After months of planning, Saturday February 24, 1923 was the first day of the “Back to Hamilton” celebrations, an event which ran until the following Sunday, March 3.
A variety of activities were planned including band recitals, back to school visits, ancient and modern dance socials and terrier coursing.
Visits to beauty spots around Hamilton were a feature as were “picture entertainments” . I wonder if that included films of “Beauty Spots” as proposed in the following article. Such a film was discussed during a meeting of the National Roads Association who were looking at development of roads through the Grampians to enhance tourism . It was thought that a film would be a way to show off the area and reinforce that good roads were necessary throughout the Grampians. It was suggested the film be screened during the “Back to Hamilton” celebrations.
Over the first weekend, Hamilton was full and visitors were enjoying the celebrations in fine weather.
Many visitors arrived by train and were welcomed by bands playing “Home, Sweet Home”
Crowds gathered in the Hamilton Botanic Gardens to listen to band recitals in the bandstand on Sunday February 25. On the following Tuesday, children gathered in the gardens for sports.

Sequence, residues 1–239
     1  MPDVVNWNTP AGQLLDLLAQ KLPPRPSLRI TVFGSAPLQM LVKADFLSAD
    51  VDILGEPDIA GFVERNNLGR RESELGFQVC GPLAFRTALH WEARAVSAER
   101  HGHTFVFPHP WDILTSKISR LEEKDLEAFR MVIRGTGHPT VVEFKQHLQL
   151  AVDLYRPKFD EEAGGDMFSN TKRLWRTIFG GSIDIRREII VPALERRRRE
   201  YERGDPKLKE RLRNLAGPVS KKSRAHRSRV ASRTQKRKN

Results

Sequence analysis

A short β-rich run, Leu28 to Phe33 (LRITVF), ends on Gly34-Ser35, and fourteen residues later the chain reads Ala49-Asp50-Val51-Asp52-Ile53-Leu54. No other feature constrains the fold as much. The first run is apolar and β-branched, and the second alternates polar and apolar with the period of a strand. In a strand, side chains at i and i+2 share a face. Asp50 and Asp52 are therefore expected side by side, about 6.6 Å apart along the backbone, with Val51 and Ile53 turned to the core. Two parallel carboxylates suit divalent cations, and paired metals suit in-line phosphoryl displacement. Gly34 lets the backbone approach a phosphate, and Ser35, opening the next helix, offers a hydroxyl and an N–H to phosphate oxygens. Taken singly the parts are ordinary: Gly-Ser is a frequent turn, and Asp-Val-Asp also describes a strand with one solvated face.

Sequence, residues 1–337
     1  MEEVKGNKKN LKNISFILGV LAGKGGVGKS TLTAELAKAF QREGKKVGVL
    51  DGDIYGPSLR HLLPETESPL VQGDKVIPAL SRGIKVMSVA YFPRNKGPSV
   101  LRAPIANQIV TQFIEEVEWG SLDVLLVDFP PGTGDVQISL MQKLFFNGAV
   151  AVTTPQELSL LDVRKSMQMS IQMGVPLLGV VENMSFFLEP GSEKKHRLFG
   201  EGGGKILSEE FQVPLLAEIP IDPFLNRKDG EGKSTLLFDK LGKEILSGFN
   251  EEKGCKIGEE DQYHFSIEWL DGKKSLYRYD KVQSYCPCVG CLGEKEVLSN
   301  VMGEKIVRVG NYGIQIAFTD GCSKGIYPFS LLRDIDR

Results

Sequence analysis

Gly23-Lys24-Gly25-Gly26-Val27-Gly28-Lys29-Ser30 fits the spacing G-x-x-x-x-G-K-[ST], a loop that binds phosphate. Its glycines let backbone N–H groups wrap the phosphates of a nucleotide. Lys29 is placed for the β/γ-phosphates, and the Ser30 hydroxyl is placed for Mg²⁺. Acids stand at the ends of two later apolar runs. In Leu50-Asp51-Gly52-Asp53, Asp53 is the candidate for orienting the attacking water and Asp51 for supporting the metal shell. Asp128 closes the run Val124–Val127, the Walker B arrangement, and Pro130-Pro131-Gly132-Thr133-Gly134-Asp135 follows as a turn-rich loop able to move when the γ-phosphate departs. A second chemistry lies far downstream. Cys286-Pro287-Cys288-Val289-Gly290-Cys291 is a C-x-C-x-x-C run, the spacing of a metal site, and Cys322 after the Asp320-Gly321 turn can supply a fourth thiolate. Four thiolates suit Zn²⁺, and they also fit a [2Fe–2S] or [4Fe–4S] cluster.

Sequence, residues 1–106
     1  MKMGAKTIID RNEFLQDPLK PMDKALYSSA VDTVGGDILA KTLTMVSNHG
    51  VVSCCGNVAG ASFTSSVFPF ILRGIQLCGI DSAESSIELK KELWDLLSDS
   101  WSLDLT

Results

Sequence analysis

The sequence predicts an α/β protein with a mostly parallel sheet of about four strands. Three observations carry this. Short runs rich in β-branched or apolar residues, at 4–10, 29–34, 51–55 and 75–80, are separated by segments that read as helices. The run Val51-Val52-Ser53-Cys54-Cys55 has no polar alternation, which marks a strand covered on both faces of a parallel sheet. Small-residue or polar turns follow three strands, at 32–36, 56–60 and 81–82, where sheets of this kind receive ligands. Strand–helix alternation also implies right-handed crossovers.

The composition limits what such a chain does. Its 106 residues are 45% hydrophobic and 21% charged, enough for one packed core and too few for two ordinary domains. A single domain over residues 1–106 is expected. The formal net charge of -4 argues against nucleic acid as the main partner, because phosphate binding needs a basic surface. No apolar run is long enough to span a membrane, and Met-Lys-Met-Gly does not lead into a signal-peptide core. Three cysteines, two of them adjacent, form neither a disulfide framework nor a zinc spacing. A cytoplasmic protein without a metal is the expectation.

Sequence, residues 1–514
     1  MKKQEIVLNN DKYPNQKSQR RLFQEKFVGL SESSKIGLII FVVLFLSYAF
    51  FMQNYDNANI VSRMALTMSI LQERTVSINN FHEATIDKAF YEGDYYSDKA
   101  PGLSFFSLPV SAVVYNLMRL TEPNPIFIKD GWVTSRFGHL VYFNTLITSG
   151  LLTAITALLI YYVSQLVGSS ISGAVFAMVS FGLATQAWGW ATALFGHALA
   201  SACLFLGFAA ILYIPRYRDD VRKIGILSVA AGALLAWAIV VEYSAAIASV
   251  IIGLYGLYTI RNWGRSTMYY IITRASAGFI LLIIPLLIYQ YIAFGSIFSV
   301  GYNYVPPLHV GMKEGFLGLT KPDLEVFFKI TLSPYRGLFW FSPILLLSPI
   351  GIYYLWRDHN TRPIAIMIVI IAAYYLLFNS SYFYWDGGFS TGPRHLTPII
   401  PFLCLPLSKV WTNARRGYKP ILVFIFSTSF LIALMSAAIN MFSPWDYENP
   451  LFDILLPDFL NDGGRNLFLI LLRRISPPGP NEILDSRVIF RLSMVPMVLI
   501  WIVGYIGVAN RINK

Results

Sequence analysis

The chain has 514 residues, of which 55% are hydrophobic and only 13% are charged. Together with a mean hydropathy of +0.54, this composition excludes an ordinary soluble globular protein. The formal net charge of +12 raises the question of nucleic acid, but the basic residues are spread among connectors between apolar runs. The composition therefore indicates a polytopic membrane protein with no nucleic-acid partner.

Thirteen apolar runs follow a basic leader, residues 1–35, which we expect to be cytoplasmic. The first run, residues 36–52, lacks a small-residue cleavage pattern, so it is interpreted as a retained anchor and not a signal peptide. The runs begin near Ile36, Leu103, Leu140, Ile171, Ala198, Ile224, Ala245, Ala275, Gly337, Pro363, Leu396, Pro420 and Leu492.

Councillor Noske spoke to the gathering declaring “Hamilton was destined to become a great town” and the council’s focus was on closer settlement. A parade was held on the Tuesday afternoon which included Thomas Cawker of Casterton driving a four-in-hand coach, old pioneers his passengers.
The “Back to Hamilton” was a roaring success, with a profit of £189/11/9. A very healthy sum for an event which one would imagine was not for profit. I wonder where the money ended up?
It was during the following year, 1924, when a committee formed to organize a “Back to Horsham”, gave some clue how such a big profit came about. While a similar event in Stawell was mostly subsidized, Hamilton visitors were charged for many events, including a trip to a dry Wannon Falls.